But at the same time a public healthcare system is more valuable then a few greedy doctors. I look at our business leader and again I miss your point. The innovation that comes out of Canadian business and science is again extremely un-proportional to our population.

Because our aviators and engineers go to NASA does not mean that Canada should have a space program. Anyhow, thanks for the post but its just not my view of our great nation.
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Re: Experiment in Socialism

Postby Crysknife » 22 Apr 2009 18:28

Socialism is crap, everyone knows it. But some socialist systems are better when integrated into a capitalist society. I find it in bad taste to make huge amounts of profit on people's illnesses, but that's just me. We don't ask people to pay when their house is burning down.
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Re: Experiment in Socialism

Postby Robspierre » 22 Apr 2009 18:30

New Mexico State University is overall a conservative leaning college. The English department is moderately liberal while, the engineering, ag, and business colleges lean middle to hard right. College of Education is fairly moderate, with a few radicals such as myself and decent religious right leaning faction. Not sure about other colleges within the university. The large hispanic influence does show in cultural attitudes among many of the staff and students.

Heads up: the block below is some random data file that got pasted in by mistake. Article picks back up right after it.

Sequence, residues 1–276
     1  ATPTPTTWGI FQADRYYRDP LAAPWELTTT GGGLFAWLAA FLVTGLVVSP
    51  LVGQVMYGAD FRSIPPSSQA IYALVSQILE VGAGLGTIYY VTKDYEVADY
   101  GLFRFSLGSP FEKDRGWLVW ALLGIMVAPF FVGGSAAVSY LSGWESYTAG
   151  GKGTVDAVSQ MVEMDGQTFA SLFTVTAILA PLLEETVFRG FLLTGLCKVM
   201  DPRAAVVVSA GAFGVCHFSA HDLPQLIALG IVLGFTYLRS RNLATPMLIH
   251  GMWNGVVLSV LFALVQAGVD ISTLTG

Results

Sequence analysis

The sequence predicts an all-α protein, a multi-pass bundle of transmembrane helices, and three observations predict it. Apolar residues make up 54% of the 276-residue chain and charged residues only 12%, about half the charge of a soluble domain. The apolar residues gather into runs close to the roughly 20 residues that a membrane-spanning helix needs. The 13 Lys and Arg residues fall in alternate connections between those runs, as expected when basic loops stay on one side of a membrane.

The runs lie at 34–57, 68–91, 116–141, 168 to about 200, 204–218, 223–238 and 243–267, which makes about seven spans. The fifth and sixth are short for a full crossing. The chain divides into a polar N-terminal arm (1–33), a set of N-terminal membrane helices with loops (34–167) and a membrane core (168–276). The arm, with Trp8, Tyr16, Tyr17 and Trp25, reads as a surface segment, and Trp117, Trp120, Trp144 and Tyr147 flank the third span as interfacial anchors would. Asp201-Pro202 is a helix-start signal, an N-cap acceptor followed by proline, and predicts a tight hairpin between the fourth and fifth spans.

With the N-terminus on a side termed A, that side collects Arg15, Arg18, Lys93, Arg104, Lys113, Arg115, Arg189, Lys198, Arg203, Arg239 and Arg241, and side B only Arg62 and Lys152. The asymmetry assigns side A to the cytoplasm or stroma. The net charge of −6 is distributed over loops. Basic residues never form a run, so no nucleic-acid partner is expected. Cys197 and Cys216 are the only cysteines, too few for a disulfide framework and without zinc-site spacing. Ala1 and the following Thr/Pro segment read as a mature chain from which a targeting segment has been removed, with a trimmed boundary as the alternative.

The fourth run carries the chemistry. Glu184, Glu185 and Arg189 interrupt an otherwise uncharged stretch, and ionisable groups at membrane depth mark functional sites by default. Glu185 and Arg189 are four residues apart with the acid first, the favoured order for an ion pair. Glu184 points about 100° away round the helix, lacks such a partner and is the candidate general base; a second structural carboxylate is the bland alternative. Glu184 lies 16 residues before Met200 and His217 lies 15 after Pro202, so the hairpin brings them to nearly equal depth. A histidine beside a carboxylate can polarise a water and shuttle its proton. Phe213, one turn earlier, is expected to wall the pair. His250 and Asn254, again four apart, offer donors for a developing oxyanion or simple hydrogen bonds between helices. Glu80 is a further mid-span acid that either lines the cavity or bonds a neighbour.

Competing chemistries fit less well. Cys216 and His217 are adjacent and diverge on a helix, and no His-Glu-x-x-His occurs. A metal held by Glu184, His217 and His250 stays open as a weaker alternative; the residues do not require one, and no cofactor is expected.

In the college of education they are having a lot of issues with incoming students. The CoE requires a C or higher in the courses you take in order to pass while University policy is a D. My advisor told me that rather than retake the class to get a C or better, students are transferring out of the CoE into other degree plans where a D is acceptable. I have also noticed that a lot of the students right out of high school have a chip on their shoulder and thin they know everything, unlike those of us who spent years in the real world busting our ass to get by who don't know shit. I truly believe if you want to teach, you need ot spend at least four years out in reality and not go straight into teaching, you miss on experiences that cannot be replicated in college.